#1
Hey guys,
For those who are familiar with wiring and soldiering I need to know how to splice a USB cable with a Guitar Lead.
Like This : http://www.p-buy.com/index.php?route=product/product&product_id=7585&currency=AUD

I know how to cut the leads open and reveal the copper wires and all that, I just need to know what connects to what haha. Any diagrams even if made on like MS paint would be awesome.

And please don't comment "Why don't you just buy one" or "USB guitar leads suck".

Thanks
#2
How is that possible? They must be using a completely different guitar lead cable
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#3
Quote by Kensai
How is that possible? They must be using a completely different guitar lead cable


Do you know much about wiring?
#4
Not really.
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#5
There is some sort of analogue to digital convertor in the end of hence why the usb part is so chunky. A usb port will only recognise binary so just soldering them together wont work.
#6
Quote by suicidalllama
There is some sort of analogue to digital convertor in the end of hence why the usb part is so chunky. A usb port will only recognise binary so just soldering them together wont work.


What have they done to create a USB Guitar Lead
#7
Quote by Grimwade
Hey guys,
For those who are familiar with wiring and soldiering I need to know how to splice a USB cable with a Guitar Lead.
Like This : http://www.p-buy.com/index.php?route=product/product&product_id=7585&currency=AUD

I know how to cut the leads open and reveal the copper wires and all that, I just need to know what connects to what haha. Any diagrams even if made on like MS paint would be awesome.

And please don't comment "Why don't you just buy one" or "USB guitar leads suck".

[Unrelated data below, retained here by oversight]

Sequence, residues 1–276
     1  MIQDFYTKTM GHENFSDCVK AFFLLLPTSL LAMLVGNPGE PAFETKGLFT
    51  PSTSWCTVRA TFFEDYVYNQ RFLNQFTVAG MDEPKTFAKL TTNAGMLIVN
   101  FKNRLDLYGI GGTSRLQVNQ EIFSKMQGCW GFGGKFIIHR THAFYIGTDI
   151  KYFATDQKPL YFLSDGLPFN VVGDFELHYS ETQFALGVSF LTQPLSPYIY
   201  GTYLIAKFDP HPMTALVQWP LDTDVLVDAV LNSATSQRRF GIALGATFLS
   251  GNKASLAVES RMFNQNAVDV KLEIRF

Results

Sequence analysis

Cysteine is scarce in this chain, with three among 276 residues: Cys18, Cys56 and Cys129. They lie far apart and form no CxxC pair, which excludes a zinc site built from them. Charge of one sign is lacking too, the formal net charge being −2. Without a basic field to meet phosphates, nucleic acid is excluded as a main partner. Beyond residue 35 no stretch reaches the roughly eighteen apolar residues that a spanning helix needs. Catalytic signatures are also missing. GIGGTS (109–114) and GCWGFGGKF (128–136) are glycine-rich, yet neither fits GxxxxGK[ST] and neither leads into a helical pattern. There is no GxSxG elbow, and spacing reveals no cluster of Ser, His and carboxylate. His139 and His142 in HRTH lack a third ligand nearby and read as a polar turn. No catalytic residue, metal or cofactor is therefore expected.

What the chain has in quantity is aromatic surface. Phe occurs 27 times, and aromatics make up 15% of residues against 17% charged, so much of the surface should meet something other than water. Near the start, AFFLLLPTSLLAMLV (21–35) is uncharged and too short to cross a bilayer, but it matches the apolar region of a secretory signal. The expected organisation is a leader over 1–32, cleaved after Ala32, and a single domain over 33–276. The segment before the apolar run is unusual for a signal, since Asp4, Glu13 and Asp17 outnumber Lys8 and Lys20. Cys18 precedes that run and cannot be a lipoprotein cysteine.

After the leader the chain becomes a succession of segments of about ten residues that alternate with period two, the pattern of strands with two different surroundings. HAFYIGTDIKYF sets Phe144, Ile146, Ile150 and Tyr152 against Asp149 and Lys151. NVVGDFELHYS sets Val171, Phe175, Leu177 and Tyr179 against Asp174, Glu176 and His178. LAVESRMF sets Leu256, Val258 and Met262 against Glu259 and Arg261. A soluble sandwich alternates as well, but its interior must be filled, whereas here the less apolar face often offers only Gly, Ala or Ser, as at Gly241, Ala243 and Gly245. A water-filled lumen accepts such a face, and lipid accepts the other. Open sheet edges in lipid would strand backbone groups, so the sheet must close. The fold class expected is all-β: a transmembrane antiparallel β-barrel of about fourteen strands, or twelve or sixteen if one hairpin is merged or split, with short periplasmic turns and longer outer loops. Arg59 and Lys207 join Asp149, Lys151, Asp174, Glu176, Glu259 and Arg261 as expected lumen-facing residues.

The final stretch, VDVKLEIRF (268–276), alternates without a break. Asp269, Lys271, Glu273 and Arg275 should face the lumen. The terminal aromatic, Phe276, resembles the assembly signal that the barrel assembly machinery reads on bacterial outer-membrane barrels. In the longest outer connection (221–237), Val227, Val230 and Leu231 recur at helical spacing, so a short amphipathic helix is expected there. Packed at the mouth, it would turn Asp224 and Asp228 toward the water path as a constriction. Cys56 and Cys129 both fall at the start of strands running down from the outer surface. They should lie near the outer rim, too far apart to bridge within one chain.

Thanks




That wont work.

It will have no A/D conversion, Just buy the lead or a soundcard with jack inputs.
Last edited by smokeysteve22 at Oct 8, 2011,
#8
Your guitar jack has 2 leads, one for the "channel" and one for ground.
On the USB you should have 4 leads, 1:Voltage supply; 2ata-In; 3ata-out; 4:Ground.
In my opinion you should use the data-in wire for the the channel and the ground together, though im not sure.
A multimeter should help you identify the correct wire for the USB


Search more "usb pinout" and check for the results

Quote by suicidalllama
There is some sort of analogue to digital convertor in the end of hence why the usb part is so chunky. A usb port will only recognise binary so just soldering them together wont work.

This guy might be right...
Last edited by szekelymihai at Oct 8, 2011,
#9
Quote by szekelymihai
Your guitar jack has 2 leads, one for the "channel" and one for ground.
On the USB you should have 4 leads, 1:Voltage supply; 2ata-In; 3ata-out; 4:Ground.
In my opinion you should use the data-in wire for the the channel and the ground together, though im not sure.
A multimeter should help you identify the correct wire for the USB

. Search more "usb pinout" and check for the results


Wow thanks. Also what is a multimeter.
#10


This is a basic diagram.

Analog signals need to be 'sampled and quantized' into a digital data for that cable to work.



Last edited by smokeysteve22 at Oct 8, 2011,
#11
edit: ^that

Quote by Grimwade
Wow thanks. Also what is a multimeter.

erm as stated before, this won't work. you need A/D convertor (also known as sound card) for this. You can't just plug analog instrument into digital USB (w/o converter). The thing you linked in the beginning has an A/D convertor inside of it. It's practically a external sound card, it's just so small that it fits into the connector (that's why it looks like a plain USB cable, but it isn't).

also multimeter: http://lmgtfy.com/?q=multimeter

To understand better why this simply won't work if you just solder it together you can check for example http://www.wisegeek.com/what-is-the-difference-between-analog-and-digital.htm this link (or http://lmgtfy.com/?q=analog+%26+digital+difference )
#12
Quote by KorYi
edit: ^that


erm as stated before, this won't work. you need A/D convertor (also known as sound card) for this. You can't just plug analog instrument into digital USB (w/o converter). The thing you linked in the beginning has an A/D convertor inside of it. It's practically a external sound card, it's just so small that it fits into the connector (that's why it looks like a plain USB cable, but it isn't).

also multimeter: http://lmgtfy.com/?q=multimeter

To understand better why this simply won't work if you just solder it together you can check for example http://www.wisegeek.com/what-is-the-difference-between-analog-and-digital.htm this link (or http://lmgtfy.com/?q=analog+%26+digital+difference )


Okay thanks
#13
do u have a usb amp?
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Tell me what nation on this earth, was not born of tragedy-Primordial